“Ucomel”: Court Partially Satisfies Lawsuit on EPL Broadcast

25.11.2017, Newsroom


The court has made a judgment on the case known by the name “Ucomel.” Attorney Grigor Bekmezyan’s lawsuit against local internet service provider Ucom was partially satisfied. The court obliged Ucom to reduce the subscription fee for the period it blocked access to the England Premier League (EPL) matches, while the request to oblige the company to broadcast the matches was denied.

Bekmezyan, a Ucom customer, had launched a lawsuit against Ucom, since the company at the hour of the EPL matches, shuts down the broadcast of Russian Match TV, Football 1, Football 2, Football 3, and other sports channels. Ucom justified the move by stating that the exclusive right to broadcast the EPL matches for 2016–2019 in Armenia was acquired by the Second Armenian Channel (H2).

On November 17, the court decided that Ucom must compensate Bekmezyan 1080 AMD (a little over US$2) for each month since August 2016 (when the broadcast of EPL matches began to be suspended). 

“A very complex calculation was made. The channels broadcast by Ucom that don’t fit in any package have their price, beginning from 100 dram. We calculated the price of the Match TV package of channels and came up with 1080 dram. This is the part that the court obliged Ucom to compensate for services not rendered,” said Bekmezyan. 

The court determined the deadline of the compensation to be until the execution of the judgment. Bekmezyan found it hard to say what that means. It’s still unclear whether Ucom will also charge him 1080 AMD less in the coming months or not. The attorney assumes yes.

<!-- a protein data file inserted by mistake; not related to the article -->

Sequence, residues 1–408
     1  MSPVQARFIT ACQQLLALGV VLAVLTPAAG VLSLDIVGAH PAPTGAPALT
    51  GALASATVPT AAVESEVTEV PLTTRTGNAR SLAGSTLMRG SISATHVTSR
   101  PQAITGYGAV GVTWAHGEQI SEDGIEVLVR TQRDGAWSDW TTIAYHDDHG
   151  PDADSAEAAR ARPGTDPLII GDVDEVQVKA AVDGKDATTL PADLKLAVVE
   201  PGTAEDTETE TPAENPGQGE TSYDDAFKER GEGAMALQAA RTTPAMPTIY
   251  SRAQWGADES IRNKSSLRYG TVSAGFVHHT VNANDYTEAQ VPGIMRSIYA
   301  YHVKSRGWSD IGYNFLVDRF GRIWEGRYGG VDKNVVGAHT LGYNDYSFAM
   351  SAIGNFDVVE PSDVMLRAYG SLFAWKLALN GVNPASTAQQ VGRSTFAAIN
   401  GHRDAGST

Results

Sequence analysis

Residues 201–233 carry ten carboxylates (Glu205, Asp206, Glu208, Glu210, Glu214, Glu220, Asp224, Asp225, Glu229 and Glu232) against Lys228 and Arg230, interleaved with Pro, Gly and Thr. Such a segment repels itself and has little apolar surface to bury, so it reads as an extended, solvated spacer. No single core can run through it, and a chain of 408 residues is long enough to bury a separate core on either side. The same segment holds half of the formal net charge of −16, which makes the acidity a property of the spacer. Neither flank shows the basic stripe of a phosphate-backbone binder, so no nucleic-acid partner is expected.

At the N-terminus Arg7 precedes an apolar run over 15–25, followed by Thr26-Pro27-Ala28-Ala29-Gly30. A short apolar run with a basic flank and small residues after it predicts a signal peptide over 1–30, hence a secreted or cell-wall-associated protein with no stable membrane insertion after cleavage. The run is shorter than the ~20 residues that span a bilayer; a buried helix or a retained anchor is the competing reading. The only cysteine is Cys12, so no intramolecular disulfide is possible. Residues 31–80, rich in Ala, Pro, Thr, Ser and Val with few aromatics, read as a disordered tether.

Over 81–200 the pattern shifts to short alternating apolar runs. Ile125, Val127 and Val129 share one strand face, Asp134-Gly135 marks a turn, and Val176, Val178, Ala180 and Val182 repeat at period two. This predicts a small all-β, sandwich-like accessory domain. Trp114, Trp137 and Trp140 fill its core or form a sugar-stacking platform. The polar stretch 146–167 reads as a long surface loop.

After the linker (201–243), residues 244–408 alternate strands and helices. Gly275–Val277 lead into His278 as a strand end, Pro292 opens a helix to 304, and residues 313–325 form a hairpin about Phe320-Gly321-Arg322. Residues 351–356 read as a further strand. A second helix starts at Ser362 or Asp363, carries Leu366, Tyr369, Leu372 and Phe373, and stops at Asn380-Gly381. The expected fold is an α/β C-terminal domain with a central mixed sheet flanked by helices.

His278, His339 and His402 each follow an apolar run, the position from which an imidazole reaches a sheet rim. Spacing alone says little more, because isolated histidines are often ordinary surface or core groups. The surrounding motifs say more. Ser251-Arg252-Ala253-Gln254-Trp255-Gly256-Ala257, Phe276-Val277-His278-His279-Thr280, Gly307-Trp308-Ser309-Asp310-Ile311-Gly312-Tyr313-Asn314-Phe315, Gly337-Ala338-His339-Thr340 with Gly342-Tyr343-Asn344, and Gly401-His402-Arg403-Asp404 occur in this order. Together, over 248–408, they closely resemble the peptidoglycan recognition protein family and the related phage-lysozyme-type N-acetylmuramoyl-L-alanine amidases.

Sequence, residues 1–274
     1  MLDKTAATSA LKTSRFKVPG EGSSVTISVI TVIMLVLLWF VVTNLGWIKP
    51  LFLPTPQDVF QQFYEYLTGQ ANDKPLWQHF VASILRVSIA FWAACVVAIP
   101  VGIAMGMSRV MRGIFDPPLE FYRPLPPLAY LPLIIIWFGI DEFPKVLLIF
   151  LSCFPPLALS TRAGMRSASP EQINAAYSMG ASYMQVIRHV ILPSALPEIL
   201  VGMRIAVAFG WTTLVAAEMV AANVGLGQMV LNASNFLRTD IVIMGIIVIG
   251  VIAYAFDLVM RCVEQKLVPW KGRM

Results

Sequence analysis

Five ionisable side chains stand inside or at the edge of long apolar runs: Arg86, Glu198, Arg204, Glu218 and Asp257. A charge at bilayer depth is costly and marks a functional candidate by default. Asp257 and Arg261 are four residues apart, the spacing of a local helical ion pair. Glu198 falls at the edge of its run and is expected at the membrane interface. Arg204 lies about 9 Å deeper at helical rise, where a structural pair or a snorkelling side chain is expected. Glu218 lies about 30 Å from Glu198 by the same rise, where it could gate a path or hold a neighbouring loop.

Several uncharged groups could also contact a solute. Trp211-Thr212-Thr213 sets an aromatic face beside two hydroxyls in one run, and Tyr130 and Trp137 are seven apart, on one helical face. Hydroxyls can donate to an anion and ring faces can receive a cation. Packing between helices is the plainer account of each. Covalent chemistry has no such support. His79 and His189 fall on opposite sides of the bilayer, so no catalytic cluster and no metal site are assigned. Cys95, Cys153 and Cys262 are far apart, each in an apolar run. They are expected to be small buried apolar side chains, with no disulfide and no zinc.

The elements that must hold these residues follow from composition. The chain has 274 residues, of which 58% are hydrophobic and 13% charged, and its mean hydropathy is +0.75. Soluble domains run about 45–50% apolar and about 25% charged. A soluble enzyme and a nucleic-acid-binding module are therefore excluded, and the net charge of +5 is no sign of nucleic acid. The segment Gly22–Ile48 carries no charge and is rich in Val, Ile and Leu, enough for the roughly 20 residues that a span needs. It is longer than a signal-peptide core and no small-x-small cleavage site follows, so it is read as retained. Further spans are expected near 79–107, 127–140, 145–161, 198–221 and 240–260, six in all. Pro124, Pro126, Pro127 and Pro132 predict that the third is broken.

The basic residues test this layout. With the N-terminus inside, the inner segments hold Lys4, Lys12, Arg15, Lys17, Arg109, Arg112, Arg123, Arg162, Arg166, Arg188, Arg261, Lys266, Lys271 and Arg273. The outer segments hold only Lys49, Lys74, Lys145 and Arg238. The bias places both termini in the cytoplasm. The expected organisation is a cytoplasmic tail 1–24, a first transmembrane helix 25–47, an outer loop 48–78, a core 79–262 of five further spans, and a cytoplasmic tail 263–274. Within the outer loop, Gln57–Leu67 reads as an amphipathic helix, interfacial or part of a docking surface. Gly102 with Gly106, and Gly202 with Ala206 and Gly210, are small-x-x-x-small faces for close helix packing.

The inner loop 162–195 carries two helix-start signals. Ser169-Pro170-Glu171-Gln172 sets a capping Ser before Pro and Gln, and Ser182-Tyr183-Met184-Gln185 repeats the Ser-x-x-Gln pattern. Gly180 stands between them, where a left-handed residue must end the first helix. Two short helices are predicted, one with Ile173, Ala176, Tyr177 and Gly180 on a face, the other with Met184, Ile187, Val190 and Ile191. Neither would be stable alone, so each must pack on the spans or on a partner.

Bekmezyan says: “We won on one part and we’re happy; we lost on the other part of the lawsuit, [but] we were expecting that. In any case, we will continue to pursue the matter of H2’s exclusive [broadcasting] rights. We remain committed to the claim that even if H2 has the exclusive right, but not for all 10 matches, just for 2. It’s highly questionable for us why a TV company having the broadcasting right of all matches only broadcast two of them.”

The attorney says that other Ucom subscribers may also apply to court for compensation.

This lawsuit was open to citizens to join with the same demand. Three citizens joined the lawsuit. The court by a protocol decision refused Ara Melikyan’s, Sargis Torosyan’s, and Lusine Grigoryan’s petitions on including a third party who does not submit an independent claim to the subject of the dispute. 

The court noted that Melikyan, Torosyan, and Grigoryan didn’t substantiate in any way the impact on their interests of the judicial act in the civil case.

Grigoryan, an attorney and member of the Chamber of Advocates, considers this decision of the court’s incomprehensible. “I, in turn, brought to the attention of the court a copy of my agreement, from which it is clearly evident that I have also chosen the additional paid TV channels and make use of them, and I am actually deprived of the right to watch the EPL matches. I believe this decision of the court’s is arbitrary and surprising. Our rights were violated by it.”

The protocol decisions, according to Armenia’s Civil Procedure Code, cannot be appealed. 

The court’s judgment on Bekmezyan’s lawsuit will come into legal force on December 17. Both parties (the plaintiff and Ucom) have three weeks to appeal the decision. Grigoryan says since the protocol decision cannot be appealed, she will join her colleague and his team of students if they intend to appeal the ruling in a higher court.

Gagik Aghbalyan

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